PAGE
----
Over time, Gosling has discovered that this approach might apply to more than just acting. Maybe, for instance, you’re a kid growing up in a town you don’t want to be in and you’re trying to locate an exit. Maybe you’re looking for something you can’t put into words and you make movies to try to pin down whatever it is you’re looking for. Maybe you’re a person who never envisioned raising a family and then you meet the person who changes, in some radical way, how you see yourself and your future. Life comes at you, in all its unanticipated and startling particulars; the thing that makes you an artist is the way you respond.
And being open to the unexpected has served Gosling well. When he was young, his first real breakthrough came in a movie, 2001’s The Believer, about a Jewish kid from New York who becomes a neo-Nazi. Gosling was none of these things, a fact that the director, Henry Bean, turned out to like—“The fact that I wasn’t really right for it was exactly why he thought I was right for it,” Gosling says. A few years later, when Gosling was auditioning for The Notebook, he says, the director, Nick Cassavetes, “straight up told me: ‘The fact that you have no natural leading man qualities is why I want you to be my leading man.’ ” Gosling got the part; he’s been a leading man ever since.
In his youth, Gosling treated acting a little bit like therapy, or an opportunity “to teach myself about myself.” He was in search of experiences—films that could capture a mood, or a feeling. Sometimes what he was doing barely looked like acting at all. “Even though I think Ryan has watched a lot of movies, the way he acts is as if he hasn’t watched that many movies,” Emily Blunt, who first got to know Gosling on the set of David Leitch’s forthcoming movie The Fall Guy, says. For 2010’s Blue Valentine, Gosling lived for a time with his costar, Michelle Williams, in the house where they shot the film, playing the part of parents with the young actor who played their daughter. For 2011’s Drive, he and the film’s director, Nicolas Winding Refn, spent days driving across Los Angeles, listening to music, whittling away dialogue from their script until the film was purely about the unnameable sensation the two of them shared in the car. “I was trying to find a place to put all these things that were happening to me,” Gosling says. “And these films became ways to do that, like time capsules.” For Only God Forgives, Refn’s next film, Gosling spent months in Thailand before shooting began, training in Muay Thai camps, learning to fight. “And I don’t think I did Muay Thai once in that film,” Gosling says. Refn changed plans. Gosling was okay with it. “I didn’t do the film to do Muay Thai,” he says.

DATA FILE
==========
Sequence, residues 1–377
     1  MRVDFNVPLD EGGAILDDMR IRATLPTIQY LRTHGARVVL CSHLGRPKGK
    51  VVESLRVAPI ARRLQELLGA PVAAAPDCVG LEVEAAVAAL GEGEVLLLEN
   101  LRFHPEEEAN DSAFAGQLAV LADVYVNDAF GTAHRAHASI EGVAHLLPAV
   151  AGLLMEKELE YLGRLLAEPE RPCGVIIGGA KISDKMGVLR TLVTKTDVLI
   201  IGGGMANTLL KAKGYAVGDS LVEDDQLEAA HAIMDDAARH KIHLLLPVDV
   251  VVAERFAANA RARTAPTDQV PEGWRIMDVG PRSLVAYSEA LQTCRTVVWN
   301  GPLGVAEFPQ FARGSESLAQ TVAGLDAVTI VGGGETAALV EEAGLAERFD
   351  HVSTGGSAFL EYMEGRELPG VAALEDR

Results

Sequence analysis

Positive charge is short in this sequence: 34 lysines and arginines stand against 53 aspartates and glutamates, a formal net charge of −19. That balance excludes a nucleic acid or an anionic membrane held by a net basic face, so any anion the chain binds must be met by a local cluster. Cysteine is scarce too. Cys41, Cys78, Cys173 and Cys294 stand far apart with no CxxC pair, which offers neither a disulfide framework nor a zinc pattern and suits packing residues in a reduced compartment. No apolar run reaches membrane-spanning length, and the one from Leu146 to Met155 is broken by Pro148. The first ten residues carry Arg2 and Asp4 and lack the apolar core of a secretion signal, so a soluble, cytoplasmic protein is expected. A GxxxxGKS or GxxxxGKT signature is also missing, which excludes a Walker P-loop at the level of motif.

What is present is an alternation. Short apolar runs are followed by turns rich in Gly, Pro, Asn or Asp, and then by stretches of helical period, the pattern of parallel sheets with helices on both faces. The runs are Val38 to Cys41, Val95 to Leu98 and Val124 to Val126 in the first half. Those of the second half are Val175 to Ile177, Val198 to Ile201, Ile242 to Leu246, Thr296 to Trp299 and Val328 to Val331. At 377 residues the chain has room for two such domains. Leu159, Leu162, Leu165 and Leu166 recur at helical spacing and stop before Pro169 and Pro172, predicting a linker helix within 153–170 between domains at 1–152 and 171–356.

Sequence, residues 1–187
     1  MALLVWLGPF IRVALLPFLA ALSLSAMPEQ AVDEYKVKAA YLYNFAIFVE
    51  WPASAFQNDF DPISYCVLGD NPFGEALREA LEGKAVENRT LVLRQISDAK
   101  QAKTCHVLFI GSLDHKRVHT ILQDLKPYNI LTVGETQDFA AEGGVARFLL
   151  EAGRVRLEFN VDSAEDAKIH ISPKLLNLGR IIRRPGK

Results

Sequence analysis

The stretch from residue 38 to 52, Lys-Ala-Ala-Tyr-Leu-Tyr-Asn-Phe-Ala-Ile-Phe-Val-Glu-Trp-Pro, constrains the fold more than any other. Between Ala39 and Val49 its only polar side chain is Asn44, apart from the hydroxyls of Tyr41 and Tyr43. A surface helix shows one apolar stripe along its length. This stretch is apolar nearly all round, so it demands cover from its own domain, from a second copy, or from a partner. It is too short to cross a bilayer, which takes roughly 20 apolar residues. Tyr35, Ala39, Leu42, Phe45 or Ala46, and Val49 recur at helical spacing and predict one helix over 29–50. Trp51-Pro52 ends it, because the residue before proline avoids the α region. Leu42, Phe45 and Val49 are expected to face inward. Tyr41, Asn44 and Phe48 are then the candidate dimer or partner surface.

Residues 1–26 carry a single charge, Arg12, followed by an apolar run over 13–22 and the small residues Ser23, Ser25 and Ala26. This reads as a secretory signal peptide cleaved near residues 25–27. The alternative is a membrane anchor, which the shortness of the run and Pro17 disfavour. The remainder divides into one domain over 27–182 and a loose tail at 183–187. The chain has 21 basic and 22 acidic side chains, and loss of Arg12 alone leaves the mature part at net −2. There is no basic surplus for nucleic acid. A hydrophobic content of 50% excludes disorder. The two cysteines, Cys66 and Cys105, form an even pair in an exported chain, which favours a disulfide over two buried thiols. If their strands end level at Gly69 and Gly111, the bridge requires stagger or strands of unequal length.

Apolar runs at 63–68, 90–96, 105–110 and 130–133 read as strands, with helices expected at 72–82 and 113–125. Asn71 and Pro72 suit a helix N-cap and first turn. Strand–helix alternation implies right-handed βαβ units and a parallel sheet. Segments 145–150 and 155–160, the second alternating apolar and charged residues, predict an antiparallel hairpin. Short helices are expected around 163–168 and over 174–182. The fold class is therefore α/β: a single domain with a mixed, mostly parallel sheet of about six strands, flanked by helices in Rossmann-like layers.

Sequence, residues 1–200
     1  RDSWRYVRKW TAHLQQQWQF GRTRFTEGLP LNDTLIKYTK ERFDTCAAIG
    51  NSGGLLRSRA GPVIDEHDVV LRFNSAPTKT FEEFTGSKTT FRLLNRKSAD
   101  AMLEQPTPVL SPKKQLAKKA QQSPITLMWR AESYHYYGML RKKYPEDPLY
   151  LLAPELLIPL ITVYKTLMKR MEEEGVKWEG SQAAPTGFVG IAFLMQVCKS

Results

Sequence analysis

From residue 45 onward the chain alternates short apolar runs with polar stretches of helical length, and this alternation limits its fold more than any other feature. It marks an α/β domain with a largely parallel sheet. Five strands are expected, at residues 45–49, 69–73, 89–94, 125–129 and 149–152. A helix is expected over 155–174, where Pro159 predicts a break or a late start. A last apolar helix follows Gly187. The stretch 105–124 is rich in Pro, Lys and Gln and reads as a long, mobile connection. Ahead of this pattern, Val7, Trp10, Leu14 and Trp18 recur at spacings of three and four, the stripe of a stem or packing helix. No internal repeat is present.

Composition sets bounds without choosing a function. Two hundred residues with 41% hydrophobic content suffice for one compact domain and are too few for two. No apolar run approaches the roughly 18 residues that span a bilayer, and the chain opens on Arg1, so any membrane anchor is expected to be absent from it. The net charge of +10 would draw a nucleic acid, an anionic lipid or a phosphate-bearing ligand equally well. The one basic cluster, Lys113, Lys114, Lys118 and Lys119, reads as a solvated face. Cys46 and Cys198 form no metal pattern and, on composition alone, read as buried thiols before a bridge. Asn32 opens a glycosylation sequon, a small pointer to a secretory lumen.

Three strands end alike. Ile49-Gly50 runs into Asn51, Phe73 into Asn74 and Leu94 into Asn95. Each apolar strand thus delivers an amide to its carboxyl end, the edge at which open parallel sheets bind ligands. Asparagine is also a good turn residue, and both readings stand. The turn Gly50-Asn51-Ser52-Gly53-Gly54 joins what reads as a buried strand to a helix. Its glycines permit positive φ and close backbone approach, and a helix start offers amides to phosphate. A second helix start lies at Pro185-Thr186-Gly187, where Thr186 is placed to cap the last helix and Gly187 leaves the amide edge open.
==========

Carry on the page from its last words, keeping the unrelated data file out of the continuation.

And then something interesting happened, or maybe—in the manner of life—a few things happened, and the way Gosling worked began to change. In 2014, he and his partner, Eva Mendes, with whom he starred in The Place Beyond the Pines, had their first kid, and then in 2016, their second, both daughters. Gosling started to act in fewer independent movies and more studio films, like La La Land and Blade Runner 2049. These were movies, as Gosling describes them to me, “for an audience.” And then, for four years, he didn’t appear in anything at all.
Read more at GQ.com